High blood sugar in the morning is a common occurrence for diabetic patients. Due to an inadequate quantity of NPH/Lente insulin that you may take before dinnertime or at bedtime, blood sugar levels are highly likely to be elevated in the morning. This is a normal alteration of the hormones known as the dawn phenomenon and the Somogyi effect.
The Dawn Phenomenon
The dawn phenomenon is simply part of the natural process of the sleep cycle and the body waking up and preparing itself for the long day ahead by secreting quite a few different hormones. The body secretes counter-regulatory hormones such as cortisol, norepinephrin, epinephrine and somatropin between 3am to 8am to give you the energy to wake up and get moving. These hormones give you a boost of energy by releasing the glucose stored in your liver. In a person without diabetes, the process of glucose rise is complemented with insulin rise to help transform the plasma glucose into morning energy. On the contrary, people with diabetes, due to the lack of insulin production, do not transform glucose into energy and get a dose of energy in the morning. Instead they may simply wind up with high blood sugar.
Researchers have found out the hormone that triggers dawn phenomenon by infusing different hormones into experimental subjects. Among the hormones secreted during the early hours in the morning, the culprit is the Somatropin or what is known as the growth hormone. They found out that if they block the somatropin in the body, the blood sugar level stays flat. This may be the reason why older people do not experience a surge in blood sugar in the morning – because they no longer produce considerable quantity of growth hormone.
The somogyi effect is also known as the counter regulatory response or rebound hyperglycemia. This response occurs when the body is too low on blood sugar and the body thinks that it is in danger of going hypoglycemic. To remedy this situation, the body then goes to work to release stress hormones to get the glucose level back into a safe zone. As we all know, even if diabetes type II can still produce insulin, they can never produce enough insulin to counter the glucose produced, thus resulting in hyperglycemia in the morning.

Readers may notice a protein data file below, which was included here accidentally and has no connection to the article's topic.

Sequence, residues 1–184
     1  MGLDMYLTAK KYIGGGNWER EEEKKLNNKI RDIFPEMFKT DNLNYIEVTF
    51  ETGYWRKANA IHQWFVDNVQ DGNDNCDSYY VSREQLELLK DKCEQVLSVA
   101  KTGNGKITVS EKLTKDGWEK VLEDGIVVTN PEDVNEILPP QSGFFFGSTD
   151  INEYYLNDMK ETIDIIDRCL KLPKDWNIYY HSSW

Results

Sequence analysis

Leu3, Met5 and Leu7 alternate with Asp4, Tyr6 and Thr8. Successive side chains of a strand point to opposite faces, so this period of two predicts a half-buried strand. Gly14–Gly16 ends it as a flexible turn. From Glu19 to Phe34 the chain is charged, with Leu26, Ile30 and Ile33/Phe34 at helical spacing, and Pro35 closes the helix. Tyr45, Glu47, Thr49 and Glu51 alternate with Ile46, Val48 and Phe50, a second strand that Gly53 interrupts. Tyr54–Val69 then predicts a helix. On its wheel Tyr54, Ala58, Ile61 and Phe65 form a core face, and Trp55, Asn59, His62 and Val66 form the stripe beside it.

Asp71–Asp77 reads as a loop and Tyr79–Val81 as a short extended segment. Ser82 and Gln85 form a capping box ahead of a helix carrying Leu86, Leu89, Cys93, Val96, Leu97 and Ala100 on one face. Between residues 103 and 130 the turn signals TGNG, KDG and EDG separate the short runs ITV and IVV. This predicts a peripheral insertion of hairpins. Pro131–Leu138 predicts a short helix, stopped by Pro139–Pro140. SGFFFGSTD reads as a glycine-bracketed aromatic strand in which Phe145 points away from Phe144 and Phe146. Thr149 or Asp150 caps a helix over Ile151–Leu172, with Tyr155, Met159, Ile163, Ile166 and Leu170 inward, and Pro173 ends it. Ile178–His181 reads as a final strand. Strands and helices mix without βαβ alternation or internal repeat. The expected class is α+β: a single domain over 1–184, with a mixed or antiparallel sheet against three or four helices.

Taking in too much insulin or not eating enough at dinner or before bedtime often causes the somogyi effect. When asleep, the body continues to convert glucose into energy and when the glucose level drops at a dangerous range, usually around 2am to 3am, the body normally responds to correct it. Although the flow of events and the result is similar to the dawn phenomenon, this is more “man-made”, a consequence to poor diabetic diet management.
How to Manage High Blood Sugar in the Morning
Discuss with your doctor how you can manage the dawn phenomenon and the somogyi effect. Often they will advise you to change some of your nighttime routines to counteract the high blood sugar in the morning.
Experiment with eating a light snack before bedtime to prevent your glucose level on dropping too low during your sleep. Try a protein snack, as it will gradually release carbohydrates into your body over a period of seven hours.
Change the time of your insulin intake so that its greatest action occurs as your glucose starts rising. You can also use a programmable insulin pump to pump additional insulin in the morning before waking up.
Eat a lighter snack in the morning so you will not add to the high glucose level.
Diabetic management is not easy, but it can be done. Earnestly watch your diet, take your insulin shots religiously and keep yourself active as much as you can.
This is not medical advice and is not meant to treat, diagnose, prescribe or cure any ailment. Check with your physician first before following any advice you have read on BrightHub.com. Consult your physician before you start, stop or change anything that has been previously prescribed to you.
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